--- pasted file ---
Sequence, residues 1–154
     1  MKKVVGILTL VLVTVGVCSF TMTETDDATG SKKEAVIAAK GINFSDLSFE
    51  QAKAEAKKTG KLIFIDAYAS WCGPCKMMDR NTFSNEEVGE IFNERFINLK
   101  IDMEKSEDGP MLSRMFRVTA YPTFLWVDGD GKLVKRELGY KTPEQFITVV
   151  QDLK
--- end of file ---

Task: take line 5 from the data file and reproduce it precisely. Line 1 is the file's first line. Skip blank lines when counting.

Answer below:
   151  QDLK